Monday, November 21, 2011

Sometimes Exclusion Is the Most Inclusive Policy

The future that we hold in trust for our own children will be shaped by our fairness to other people's children.
     - Marian Wright Edelman

As we get closer to Alanna's inevitable transition from IBI into the school system (a transition I anticipate with much dread), I am forced to contemplate the whole idea of inclusion and what it really means.

Most educators seem to press for "inclusion" - that is, for a child with special needs to be part of a regular classroom with their peers, with support, if necessary.  Our local school board (similar to American school districts) even has this as a policy statement:

The Thames Valley District School Board believes most exceptional children should have their needs met, using a variety of strategies, techniques and resource support in regular classes in their home school.

I don't grasp this philosophy at all.  Placement should be dictated by the needs of the student.  For children with autism, it should be based on the child's ability to tolerate a regular classroom, how self-directed they are, their adaptive behaviour level, and most important, their ability to do grade level work or benefit from social interaction with children close to their own age.

Some educators will simply say that grade level can have modified expectations and then a child can remain in a regular class.  Some modifications might be appropriate, but not many.  Take for example a class of grade one students who are learning about addition.  If a child is in that class and does not understand how to count and the meaning of "more", "less", or "fewer", the whole concept of "modification" becomes meaningless.  You can't teach addition without a basic mathematical foundation, and if you can't count, you'll find addition pretty hard.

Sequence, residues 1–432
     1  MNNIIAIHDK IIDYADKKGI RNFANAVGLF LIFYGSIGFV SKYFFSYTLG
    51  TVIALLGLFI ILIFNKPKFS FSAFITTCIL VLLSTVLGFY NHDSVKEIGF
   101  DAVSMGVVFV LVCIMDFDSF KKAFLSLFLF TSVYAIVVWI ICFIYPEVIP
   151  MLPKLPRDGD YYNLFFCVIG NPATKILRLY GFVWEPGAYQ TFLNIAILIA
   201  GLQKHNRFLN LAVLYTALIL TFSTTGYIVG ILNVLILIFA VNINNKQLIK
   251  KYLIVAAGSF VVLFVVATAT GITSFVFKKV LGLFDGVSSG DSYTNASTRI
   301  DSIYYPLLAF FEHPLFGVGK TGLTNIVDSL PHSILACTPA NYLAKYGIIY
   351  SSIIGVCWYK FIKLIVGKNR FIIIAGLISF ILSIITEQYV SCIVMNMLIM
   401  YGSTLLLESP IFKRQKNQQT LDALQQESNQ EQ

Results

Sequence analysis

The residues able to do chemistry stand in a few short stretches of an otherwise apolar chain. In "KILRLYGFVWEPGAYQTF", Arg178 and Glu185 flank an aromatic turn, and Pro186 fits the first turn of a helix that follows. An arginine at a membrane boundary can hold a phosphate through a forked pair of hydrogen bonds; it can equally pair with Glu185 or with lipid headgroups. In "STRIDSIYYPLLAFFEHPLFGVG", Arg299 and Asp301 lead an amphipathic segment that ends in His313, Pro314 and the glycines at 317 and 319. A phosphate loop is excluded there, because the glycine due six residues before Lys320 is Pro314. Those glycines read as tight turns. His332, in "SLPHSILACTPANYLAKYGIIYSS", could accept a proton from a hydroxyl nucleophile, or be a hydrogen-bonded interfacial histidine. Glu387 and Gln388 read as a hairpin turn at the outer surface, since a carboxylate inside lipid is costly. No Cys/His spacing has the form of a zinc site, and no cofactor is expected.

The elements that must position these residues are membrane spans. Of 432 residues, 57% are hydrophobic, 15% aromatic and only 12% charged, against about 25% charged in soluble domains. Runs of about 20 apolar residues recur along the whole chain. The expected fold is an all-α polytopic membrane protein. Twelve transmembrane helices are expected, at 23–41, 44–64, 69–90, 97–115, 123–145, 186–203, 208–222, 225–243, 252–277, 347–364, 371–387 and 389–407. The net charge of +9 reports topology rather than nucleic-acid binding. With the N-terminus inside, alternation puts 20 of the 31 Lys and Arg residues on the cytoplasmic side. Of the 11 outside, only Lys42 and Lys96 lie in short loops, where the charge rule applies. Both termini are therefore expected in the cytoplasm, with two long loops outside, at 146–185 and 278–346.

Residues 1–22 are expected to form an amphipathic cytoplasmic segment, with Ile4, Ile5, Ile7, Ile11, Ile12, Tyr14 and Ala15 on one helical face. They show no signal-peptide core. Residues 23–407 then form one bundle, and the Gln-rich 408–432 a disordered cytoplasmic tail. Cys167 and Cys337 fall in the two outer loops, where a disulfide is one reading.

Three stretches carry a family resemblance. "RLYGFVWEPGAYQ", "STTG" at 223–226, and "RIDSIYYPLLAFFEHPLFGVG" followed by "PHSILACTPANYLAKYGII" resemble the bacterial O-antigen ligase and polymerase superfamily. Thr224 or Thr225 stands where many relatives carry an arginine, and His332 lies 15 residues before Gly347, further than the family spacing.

Is the modification to teach the student to count while the rest of the class is  learning how to add?  If so, who is teaching the student how to count?  If that is an EA, then why even bother have the student in the class if they are being taught different curriculum?  Worse, if the teacher is expected to do this themselves, what is the child doing when the teacher is working with the majority of the class?  The child is likely to become bored because the work is too hard and then we might see behaviours occurring. 

On the social level, I can see great benefit from a child with autism being with typical peers, but only if they are "close enough" socially to benefit.  A six year old child who still can't play co-operatively is going to struggle... the typical children will play in a much more complex manner and probably use language that is too difficult for a child at this developmental level to follow or reciprocate.

This all seems like common sense to me.  If a child is doing something different than the rest of the class then why bother put them in a regular class?  Withdraw them to a proper segregated class with a very small teacher to student ratio where they can get individualized instruction with "inclusion" where appropriate (recess, gym, other activities where skill levels are appropriate).  This will benefit the children in the mainstream class as well - they do not have to "slow down" for the special needs child, or have to tolerate behaviour that is being generated by frustration on the part of that child trying to learn.

The irony is that inclusion is a smokescreen for "ways to save money".  It is cheaper to put a child in a regular class with as minimal EA support as the school can get away with versus a fully staffed special education class.

Sometimes exclusion is the fair and right thing for everyone.  Pretending "inclusion" is fair for every child is nonsense. 


  1. THANK YOU for posting this. I feel so relieved to hear people think what I believe to be true and fair.

  2. Yeppers as a teacher, this is bang on...seen time and time who would benefit from a special class but "inclusion" is cheaper and also follows the "trendy" bs being spouted by every school board....